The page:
Celebrating the Freehand Renaissance--sketching as a vital way to see and value culture, and to envision a better world.

Wednesday, May 23, 2012

Free at last...

This little vignette of the Blue Mosque in Istanbul is the last illustration for my book; added at the last minute as I was preparing the final manuscript submittal package.  That went out via FedEx this afternoon...time for a nap!


Monday, May 21, 2012

Music for the Eyes

This series retraces my steps in sketching Paris's magnificent opera house, the Palais Garnier.  It's an irresistible subject, at once visually overwhelming yet with a design structure that conveys a harmonious whole.
As with many of my urban sketches, I begin by trying to make sure everything I want to draw will fit onto my page.  In this instance, I used people on the street to set an eye-level (horizon) line, then blocked out the height and width of the three main levels of the facade.  Drawing a few people at different sizes has already created an illusion of depth.


I draw in the rest of the basic geometry of the facade.  At this point the overall composition is fixed on the page, and I can have fun observing and sketching the ornate design structure and details.

I've had to carefully observe and understand the design structure (counting openings and columns and finding alignments of key elements, for example) while simplifying the ornate sculptures and other details.  My goal is to capture the almost musical rhythm of the facade's design, and how the people in the scene almost become a living part of that design structure.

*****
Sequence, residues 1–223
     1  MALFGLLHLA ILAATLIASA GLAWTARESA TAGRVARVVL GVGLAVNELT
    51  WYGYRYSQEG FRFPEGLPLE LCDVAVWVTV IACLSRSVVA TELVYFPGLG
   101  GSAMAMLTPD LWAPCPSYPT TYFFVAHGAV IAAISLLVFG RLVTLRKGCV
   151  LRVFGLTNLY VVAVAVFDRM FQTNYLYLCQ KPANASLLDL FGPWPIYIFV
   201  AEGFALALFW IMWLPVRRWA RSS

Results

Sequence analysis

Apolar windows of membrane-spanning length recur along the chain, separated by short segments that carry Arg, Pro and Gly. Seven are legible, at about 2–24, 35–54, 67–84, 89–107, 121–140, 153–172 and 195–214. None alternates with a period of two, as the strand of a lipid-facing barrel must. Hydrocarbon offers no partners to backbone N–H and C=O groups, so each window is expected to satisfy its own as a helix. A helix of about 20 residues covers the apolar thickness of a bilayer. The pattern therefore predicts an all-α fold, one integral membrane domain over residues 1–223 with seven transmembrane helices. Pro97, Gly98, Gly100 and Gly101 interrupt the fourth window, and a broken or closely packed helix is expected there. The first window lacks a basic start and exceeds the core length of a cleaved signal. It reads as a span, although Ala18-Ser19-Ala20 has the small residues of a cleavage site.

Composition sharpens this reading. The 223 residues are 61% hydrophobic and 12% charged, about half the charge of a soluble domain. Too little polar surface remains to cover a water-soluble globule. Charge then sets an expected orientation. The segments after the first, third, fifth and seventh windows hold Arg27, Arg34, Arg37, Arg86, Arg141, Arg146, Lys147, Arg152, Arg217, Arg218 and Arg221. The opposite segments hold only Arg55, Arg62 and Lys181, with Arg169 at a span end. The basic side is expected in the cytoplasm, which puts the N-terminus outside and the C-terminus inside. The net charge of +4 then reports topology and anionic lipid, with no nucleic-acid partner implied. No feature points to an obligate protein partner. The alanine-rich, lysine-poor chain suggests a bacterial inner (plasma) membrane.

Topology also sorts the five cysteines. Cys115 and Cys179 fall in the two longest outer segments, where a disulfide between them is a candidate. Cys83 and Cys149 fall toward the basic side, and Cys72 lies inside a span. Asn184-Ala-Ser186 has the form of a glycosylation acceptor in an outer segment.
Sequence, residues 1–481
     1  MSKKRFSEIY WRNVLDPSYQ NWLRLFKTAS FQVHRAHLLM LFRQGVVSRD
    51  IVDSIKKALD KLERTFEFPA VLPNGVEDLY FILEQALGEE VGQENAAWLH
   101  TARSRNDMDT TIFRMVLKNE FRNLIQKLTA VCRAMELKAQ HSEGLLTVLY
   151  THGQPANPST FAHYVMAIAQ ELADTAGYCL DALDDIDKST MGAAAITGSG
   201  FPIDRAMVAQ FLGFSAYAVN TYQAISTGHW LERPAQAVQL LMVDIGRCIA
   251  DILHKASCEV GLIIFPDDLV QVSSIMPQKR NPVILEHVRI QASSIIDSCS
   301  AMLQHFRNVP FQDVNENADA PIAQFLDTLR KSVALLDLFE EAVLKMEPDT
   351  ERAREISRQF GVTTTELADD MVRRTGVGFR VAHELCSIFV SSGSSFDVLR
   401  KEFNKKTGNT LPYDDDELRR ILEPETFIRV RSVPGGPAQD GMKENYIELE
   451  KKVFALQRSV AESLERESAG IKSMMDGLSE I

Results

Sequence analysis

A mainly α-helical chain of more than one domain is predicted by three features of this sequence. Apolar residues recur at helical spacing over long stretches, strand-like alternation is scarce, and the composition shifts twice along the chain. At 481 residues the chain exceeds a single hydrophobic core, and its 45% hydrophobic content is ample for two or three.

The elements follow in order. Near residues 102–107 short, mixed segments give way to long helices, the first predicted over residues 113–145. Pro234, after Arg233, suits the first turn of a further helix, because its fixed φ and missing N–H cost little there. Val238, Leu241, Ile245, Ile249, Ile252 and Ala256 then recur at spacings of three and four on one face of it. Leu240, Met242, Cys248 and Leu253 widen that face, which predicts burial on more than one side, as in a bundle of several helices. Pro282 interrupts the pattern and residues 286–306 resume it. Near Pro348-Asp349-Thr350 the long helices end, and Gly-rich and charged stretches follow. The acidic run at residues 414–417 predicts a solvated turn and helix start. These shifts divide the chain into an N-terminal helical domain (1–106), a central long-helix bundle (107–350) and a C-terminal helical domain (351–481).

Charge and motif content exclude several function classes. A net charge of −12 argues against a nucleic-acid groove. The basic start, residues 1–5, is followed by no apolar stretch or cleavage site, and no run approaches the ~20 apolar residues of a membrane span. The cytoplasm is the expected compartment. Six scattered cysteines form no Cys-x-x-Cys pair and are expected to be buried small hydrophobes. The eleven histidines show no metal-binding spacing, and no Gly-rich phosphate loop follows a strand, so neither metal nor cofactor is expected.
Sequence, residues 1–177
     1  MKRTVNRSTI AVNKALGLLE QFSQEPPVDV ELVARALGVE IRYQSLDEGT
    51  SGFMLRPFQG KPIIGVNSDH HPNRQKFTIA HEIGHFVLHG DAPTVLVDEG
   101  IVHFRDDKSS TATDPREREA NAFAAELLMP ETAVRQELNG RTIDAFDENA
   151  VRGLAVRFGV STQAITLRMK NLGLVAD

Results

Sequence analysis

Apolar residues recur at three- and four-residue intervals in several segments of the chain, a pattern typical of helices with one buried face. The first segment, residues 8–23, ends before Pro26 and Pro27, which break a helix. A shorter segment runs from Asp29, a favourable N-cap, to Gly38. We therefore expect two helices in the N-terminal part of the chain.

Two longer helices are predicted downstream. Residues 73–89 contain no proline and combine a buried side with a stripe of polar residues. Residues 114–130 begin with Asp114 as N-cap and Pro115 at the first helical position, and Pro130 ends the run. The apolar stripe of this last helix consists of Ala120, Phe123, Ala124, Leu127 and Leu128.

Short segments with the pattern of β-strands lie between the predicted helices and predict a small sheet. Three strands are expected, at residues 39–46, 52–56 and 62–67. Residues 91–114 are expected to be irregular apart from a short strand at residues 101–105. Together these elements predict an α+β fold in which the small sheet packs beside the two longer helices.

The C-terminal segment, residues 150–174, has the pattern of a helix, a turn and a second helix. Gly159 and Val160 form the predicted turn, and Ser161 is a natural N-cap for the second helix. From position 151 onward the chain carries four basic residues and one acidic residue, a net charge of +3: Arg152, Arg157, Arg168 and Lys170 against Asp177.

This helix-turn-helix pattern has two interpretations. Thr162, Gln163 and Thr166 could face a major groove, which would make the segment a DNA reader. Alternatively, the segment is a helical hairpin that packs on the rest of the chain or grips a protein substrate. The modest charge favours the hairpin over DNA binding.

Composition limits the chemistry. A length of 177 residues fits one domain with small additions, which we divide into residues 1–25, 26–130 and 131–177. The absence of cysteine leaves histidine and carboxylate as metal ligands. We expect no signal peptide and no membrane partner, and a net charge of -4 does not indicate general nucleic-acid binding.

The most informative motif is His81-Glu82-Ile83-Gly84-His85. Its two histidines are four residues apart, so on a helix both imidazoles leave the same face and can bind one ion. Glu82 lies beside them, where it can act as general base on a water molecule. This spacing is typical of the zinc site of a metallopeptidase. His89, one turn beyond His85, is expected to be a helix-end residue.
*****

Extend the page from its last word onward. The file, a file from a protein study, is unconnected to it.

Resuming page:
I've carefully chosen where to place darks to reinforce the rhythms of the facade and to add visual punch to the sketch.  Adding darks to some of the people ties them in to the overall composition.

I've added very light colored pencil washes to complement but not overwhelm the linework.  The sky is purposefully drawn in a heightened, energetic style to tie it to the loose feel of the rest of the sketch.  Some bright colors on the crowd help convey the palpable urban energy of this place.  Note how the color fades at the edges of the sketch.  I have a feeling this building will call me back to draw it many time...next time in watercolor?

Wednesday, May 9, 2012

A watercolor adventure in Turkey

This watercolor sketch is from an original done on-the-spot near Uchisar, Turkey, which is in the visually stunning Cappadocia region.. I recreated the step-by-step process of creating the original as a demonstration for my upcoming book, Freehand Drawing and Discovery.

I started with a pencil line sketch on 140 lb cold pressed watercolor paper.  I thought the contour sketching method--drawing the overall outline first and treating the subject as "shapes" rather than "things"-- would work best in this case.

As the sketch progressed, I tried to capture the visual texture of the scene, rather than the literal details.

A wet-on-dry wash over the entire area to be painted. 

Some shade and a warm roof color, mixed from burnt sienna, cadmium red and a touch of french ultramarine.

Windows added, again trying to capture a visual impression rather than photographic realism.  Some olive green between buildings hints at vegetation and provides some much needed contrast.  This is a detail view, showing about one half of the sketch.